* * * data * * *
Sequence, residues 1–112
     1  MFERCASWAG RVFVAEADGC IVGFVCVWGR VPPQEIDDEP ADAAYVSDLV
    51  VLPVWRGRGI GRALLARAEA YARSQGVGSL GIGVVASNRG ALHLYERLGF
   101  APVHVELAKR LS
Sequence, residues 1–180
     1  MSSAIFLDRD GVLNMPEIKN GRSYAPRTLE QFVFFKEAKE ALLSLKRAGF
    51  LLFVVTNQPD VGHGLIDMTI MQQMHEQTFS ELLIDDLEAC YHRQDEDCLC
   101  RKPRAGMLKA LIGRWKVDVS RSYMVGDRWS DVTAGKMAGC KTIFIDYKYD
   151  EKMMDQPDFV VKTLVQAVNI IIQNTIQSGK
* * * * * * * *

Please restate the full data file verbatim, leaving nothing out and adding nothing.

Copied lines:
Sequence, residues 1–112
     1  MFERCASWAG RVFVAEADGC IVGFVCVWGR VPPQEIDDEP ADAAYVSDLV
    51  VLPVWRGRGI GRALLARAEA YARSQGVGSL GIGVVASNRG ALHLYERLGF
   101  APVHVELAKR LS
Sequence, residues 1–180
     1  MSSAIFLDRD GVLNMPEIKN GRSYAPRTLE QFVFFKEAKE ALLSLKRAGF
    51  LLFVVTNQPD VGHGLIDMTI MQQMHEQTFS ELLIDDLEAC YHRQDEDCLC
   101  RKPRAGMLKA LIGRWKVDVS RSYMVGDRWS DVTAGKMAGC KTIFIDYKYD
   151  EKMMDQPDFV VKTLVQAVNI IIQNTIQSGK